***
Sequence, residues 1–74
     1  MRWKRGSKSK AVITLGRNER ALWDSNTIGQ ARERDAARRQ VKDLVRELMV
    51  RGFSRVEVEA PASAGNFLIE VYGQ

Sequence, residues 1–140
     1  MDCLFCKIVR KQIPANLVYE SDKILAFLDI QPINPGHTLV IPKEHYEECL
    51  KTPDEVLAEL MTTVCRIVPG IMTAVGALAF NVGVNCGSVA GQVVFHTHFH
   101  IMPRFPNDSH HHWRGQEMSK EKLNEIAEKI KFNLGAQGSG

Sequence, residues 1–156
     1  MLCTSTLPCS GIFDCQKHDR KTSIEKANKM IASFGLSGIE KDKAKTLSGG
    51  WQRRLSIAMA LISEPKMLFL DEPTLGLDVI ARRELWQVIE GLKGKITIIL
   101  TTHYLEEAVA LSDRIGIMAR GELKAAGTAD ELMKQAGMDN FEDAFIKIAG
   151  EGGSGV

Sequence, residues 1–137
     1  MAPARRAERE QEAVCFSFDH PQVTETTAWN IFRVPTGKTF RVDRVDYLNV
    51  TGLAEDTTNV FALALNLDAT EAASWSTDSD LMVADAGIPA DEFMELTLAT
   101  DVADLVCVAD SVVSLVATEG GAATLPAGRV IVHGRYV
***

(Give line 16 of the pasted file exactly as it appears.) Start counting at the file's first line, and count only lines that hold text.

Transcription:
   101  DVADLVCVAD SVVSLVATEG GAATLPAGRV IVHGRYV